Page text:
Bramwell v. Locke, (2015) 360 N.S.R.(2d) 129 (SC)
|Court:||Supreme Court of Nova Scotia|
|Case Date:||March 03, 2015|
|Citations:||(2015), 360 N.S.R.(2d) 129 (SC);2015 NSSC 140|
Bramwell v. Locke (2015), 360 N.S.R.(2d) 129 (SC);
1135 A.P.R. 129
MLB headnote and full text
Temp. Cite:  N.S.R.(2d) TBEd. MY.012
Tracey Bramwell (applicant) v. Todd Locke (respondent)
(SFSNMCA No. 87528; 2015 NSSC 140)
Indexed As: Bramwell v. Locke
Nova Scotia Supreme Court
March 5, 2015.
The parties were in a common law relationship from 1994 to 2013. They had two children. The mother applied for retroactive and prospective child support, s. 7 expenses, retroactive and prospective spousal support, and exclusive occupation of the family home. The father was self-represented. In the middle of his cross-examination by the mother's counsel, he requested an adjournment so that he could retain a lawyer.
The Nova Scotia Supreme Court, Family Division, denied the father's request for an adjournment. The court determined the issues raised by the mother's application.
Family Law - Topic 684
Husband and wife - Property rights during and after common law marriage or relationship - Family home - The parties were in a common law relationship from 1994 to 2013 - They held joint title to a home which the wife had lived in since separation - The wife sought sole ownership of the home - The Nova Scotia Supreme Court, Family Division, granted the wife's claim - If the wife retained the home, a division of the parties' assets and debts would result in a difference of ($472.50) in favour of the wife - This would not constitute a disproportionate division - See paragraphs 62 to 75.
Family Law - Topic 1004
Common law, same-sex or adult interdependent relationships - Family home - [See Family Law - Topic 684 ].
Family Law - Topic 2210
Maintenance of spouses and children - General principles - Calculation or attribution of income - [See Family Law - Topic 2329 and Family Law - Topic 4045.5 ].
Family Law - Topic 2211
Maintenance of spouses and children - General principles - Retrospective or retroactive orders - [See Family Law - Topic 2329 and Family Law - Topic 2353 ].
Family Law - Topic 2328
Maintenance of spouses and children - Maintenance of spouses - Effect of spouse's ability to work - [See Family Law - Topic 2329 ].
Family Law - Topic 2329
Maintenance of spouses and children - Maintenance of spouses - Considerations - The parties were in a common law relationship from 1994 to 2013 - They had two dependent children - The wife was disabled and had been unable to work since 2008 - She currently received disability benefits of $9,045/ year - The husband was trained as a welder and pipe fitter - He earned $34,164 when the parties separated, then secured work in the Alberta oil industry and earned approximately $79,900 in 2014 - He was laid off in August 2014 and had been collecting employment insurance (EI) benefits since that time - The Nova Scotia Supreme Court, Family Division, held that the wife was entitled to retroactive and prospective spousal support on a compensatory and non-compensatory basis - She had supported both children since separation while the father paid insufficient child support and no spousal support - The court imputed income of $79,900 to the husband and ordered him to pay a mid-range of support ($984/ month) for the eight months that he worked in the oil industry (January to August 2014) - For the first six months that the husband was receiving EI benefits (September 2014 to February 2015), he was ordered to pay support of $300/month - Thereafter, it was no longer reasonable for him to be unemployed, and he was again required to pay support of $984/month - See paragraphs 39 to 56.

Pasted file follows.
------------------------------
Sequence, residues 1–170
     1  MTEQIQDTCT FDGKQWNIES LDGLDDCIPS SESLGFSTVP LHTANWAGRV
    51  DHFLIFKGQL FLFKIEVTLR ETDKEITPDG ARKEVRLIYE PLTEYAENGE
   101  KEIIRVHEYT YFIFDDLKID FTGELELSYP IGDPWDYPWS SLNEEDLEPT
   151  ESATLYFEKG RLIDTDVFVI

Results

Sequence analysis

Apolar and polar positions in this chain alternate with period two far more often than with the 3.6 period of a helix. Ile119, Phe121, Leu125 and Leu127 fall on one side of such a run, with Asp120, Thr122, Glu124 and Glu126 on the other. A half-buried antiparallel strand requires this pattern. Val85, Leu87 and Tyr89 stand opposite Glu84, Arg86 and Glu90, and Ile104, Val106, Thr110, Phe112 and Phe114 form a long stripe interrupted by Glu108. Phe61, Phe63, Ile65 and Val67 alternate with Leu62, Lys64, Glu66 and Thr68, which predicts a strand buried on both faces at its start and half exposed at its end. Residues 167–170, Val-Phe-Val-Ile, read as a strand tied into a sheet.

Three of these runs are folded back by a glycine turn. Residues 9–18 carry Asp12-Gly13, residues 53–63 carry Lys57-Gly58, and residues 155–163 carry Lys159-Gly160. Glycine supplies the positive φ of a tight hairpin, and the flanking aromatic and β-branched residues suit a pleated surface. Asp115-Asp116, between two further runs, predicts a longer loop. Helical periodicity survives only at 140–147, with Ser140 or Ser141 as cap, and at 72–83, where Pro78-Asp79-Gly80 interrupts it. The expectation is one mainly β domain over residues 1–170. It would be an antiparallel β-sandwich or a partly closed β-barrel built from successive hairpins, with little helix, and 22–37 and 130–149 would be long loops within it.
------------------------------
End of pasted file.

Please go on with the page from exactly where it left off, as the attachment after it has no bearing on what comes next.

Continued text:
Family Law - Topic 2353
Maintenance of spouses and children - Maintenance of children - Retroactive maintenance - The parties ended their common law relationship in May 2013 - They had two children - The father made voluntary child support payments totalling $2,340 in 2013, and payments of $791/month beginning in January 2014 pursuant to an interim order which set his income at $56,685 - The mother sought retroactive child support, asserting that the father's actual income in 2013 ($33,562.33) and 2014 ($79,921.26) was greater than the amount on which his payments were based - The Nova Scotia Supreme Court, Family Division, ordered the father to pay retroactive child support of $5,108 - The mother's application was made in August 2013 and was timely - The father did not increase child support when his income increased or disclose his increased income to the mother - He gave his interests priority over those of the children - This constituted blameworthy conduct - The mother struggled to meet the children's needs, particularly one child's medical expenses - The fact that the father was not currently working did not mean he would suffer hardship if ordered to pay retroactive support - He had some assets, little debt, and a trade with significant earning capacity - He was also married to a woman who shared living expenses with him - See paragraphs 8 to 18.